Gas driller Chesapeake Energy Corp. to pay $7.5M to settle Pa. leaseholders' complaint
Chesapeake Energy Corp. has agreed to pay $7.5 million to settle a class-action complaint by Pennsylvania leaseholders who claimed the gas driller shorted them on royalty payments by making unauthorized deductions for some expenses.
The settlement covers thousands of landowners, including some in Western Pennsylvania, who accused the company of recouping post-production expenses from their royalties. Pennsylvania law allows these deductions, but the landowners say their contracts with Chesapeake prohibited them.
Most of the landowners are likely to be from northeast Pennsylvania where Chesapeake, the state's largest driller, has the bulk of its gas operations. The company had only 10 producing wells in Greater Pittsburgh at year's end, according to state records.
“There's not a lot of them, certainly,” said Michelle R. O'Brien, a Lackawanna County attorney for plaintiffs. “But we think it's a fantastic settlement and an excellent opportunity for every class member.”
The agreement was filed on Friday in U.S. District Court in Scranton. Gov. Tom Corbett issued a statement on Wednesday in which he praised the deal and said that he had personally appealed to Chesapeake CEO Robert D. “Doug” Lawler about the case.
Chesapeake disputed many of the case's accusations, according to the court filings. A company spokesman said on Wednesday that its officials were not answering questions from reporters.
“Chesapeake is pleased to have reached a fair and reasonable agreement with (the plaintiffs), and we are hopeful the Court will approve the resolution of this dispute,” spokesman Jim Gipson wrote in a one-sentence, emailed statement.
The company and attorneys for the plaintiffs agreed to settle the case through mediation, which began in June. They negotiated for two months with a retired federal judge as the mediator before reaching a settlement.
The accuracy of royalty payments became a hot-button issue this summer, with state legislators holding public hearings and passing a new law to clarify the data drillers send their royalty recipients. Some landowners had lost as much as 95 percent of their royalty checks to deductions that drillers were taking, according to the National Association of Royalty Owners.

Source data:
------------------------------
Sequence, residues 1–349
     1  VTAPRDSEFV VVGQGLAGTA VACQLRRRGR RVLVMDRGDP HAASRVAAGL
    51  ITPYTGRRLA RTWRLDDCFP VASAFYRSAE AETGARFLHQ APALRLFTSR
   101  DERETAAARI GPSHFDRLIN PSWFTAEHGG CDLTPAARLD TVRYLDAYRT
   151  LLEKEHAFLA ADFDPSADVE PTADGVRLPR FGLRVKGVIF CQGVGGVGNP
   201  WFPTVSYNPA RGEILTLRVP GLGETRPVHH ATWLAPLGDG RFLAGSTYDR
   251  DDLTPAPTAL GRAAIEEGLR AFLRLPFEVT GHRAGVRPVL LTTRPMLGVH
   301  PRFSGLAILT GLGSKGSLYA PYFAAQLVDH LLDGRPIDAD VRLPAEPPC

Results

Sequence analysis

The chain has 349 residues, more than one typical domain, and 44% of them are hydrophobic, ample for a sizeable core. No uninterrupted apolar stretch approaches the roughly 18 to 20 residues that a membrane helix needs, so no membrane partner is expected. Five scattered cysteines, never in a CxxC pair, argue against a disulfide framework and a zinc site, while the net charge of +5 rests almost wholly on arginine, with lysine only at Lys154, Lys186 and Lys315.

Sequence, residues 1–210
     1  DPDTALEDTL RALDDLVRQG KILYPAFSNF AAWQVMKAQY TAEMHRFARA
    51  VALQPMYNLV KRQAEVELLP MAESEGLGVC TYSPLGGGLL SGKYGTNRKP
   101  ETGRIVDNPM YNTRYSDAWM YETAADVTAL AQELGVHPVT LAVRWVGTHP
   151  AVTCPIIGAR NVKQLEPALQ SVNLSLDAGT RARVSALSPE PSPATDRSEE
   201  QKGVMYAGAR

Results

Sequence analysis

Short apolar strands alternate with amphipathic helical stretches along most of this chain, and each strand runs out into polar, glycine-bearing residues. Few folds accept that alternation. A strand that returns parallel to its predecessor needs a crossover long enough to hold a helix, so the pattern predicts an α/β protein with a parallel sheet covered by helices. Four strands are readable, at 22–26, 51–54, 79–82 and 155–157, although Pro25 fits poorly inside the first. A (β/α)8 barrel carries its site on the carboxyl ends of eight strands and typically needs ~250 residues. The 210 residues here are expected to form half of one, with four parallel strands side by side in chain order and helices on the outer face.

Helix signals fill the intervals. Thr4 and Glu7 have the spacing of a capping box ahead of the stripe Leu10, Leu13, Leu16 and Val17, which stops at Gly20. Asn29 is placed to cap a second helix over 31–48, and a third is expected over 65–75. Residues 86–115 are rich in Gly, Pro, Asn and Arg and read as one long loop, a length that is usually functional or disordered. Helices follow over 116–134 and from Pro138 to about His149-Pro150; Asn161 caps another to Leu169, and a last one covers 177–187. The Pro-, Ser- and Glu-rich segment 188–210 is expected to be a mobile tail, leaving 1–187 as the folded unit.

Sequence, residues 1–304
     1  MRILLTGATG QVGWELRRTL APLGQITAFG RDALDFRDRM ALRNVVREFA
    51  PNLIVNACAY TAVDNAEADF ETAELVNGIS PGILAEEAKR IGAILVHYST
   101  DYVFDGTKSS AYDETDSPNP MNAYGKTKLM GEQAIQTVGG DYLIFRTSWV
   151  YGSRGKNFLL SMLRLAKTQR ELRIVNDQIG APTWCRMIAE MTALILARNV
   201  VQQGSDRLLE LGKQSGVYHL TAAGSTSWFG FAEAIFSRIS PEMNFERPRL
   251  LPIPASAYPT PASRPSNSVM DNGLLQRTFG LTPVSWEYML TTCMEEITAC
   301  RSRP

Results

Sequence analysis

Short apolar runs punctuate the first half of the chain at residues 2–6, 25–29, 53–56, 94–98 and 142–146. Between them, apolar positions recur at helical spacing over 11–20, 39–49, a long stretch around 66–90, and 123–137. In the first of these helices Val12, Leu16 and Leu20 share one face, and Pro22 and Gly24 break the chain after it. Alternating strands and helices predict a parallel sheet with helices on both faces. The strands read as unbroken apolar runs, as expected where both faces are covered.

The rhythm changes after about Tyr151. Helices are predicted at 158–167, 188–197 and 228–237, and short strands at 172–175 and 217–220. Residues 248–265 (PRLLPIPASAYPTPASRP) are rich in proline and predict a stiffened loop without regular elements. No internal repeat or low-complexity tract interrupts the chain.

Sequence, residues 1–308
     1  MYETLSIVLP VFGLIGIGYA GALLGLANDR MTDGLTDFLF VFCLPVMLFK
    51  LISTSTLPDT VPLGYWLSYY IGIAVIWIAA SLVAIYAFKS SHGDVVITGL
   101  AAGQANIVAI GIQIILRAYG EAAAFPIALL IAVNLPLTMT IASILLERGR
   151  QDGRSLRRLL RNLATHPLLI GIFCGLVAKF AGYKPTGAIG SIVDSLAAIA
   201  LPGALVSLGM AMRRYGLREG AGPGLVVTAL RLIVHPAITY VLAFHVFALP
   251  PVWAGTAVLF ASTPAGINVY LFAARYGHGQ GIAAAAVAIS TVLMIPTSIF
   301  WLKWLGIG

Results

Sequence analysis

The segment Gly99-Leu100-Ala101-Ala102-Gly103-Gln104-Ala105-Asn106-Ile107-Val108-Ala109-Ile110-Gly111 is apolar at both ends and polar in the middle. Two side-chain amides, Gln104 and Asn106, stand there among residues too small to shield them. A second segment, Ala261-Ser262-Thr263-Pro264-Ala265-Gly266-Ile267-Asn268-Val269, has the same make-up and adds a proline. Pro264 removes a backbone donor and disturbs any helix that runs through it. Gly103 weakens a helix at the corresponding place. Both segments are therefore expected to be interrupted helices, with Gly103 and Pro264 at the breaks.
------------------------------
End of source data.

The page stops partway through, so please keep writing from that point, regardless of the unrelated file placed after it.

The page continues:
Corbett had told Lawler that he was concerned about whether the company was treating landowners fairly under their leases, said the governor's spokesman Eric Shirk.
“I am very appreciative of Mr. Lawler's personal interest and efforts to resolve this matter,” Corbett said in his statement. “While I understand that serious issues still remain concerning other landowners affected by royalty payment deductions, the proposed settlement is a significant step forward in protecting the interests of Pennsylvania's landowners.”
Both landowners and some industry officials said this summer that Chesapeake was the most aggressive in taking out deductions, some of which are legal under Pennsylvania law. The company as of last August faced more than a dozen lawsuits over royalties, including accusations that it deducted costs from landowners who had leases prohibiting deductions.
This Pennsylvania settlement applies only to people who had a “Market Enhancement Clause” in their leases. The plaintiffs claim the company did not properly follow that clause. They said it was supposed to prohibit deductions that Pennsylvania law otherwise would let the company take for the costs of processing and transporting gas after drilling.
Only Chesapeake knows exactly how many people are affected, where they are and what they're owed, the plaintiffs' attorney O'Brien said. Once it provides that information, attorneys can fully calculate the settlement.
It is designed to repay a percentage of what the company had taken, and will be prorated for each individual leaseholder, according to the settlement. Legal fees for the plaintiffs also can be deducted from the payout, and Chesapeake can't object to what they ask for unless its more than a third of the total award, the settlement states.
U.S. District Judge Malachy E. Mannion will still have to approve the settlement and legal fees. Affected landowners should get legal notices in the mail in the coming months, but they may opt out to try to negotiate their own individual settlements with the company if they like, O'Brien said.
Timothy Puko is a staff writer for Trib Total Media.He can be reached at 412-320-7991 or firstname.lastname@example.org.Bloomberg News contributed to this report.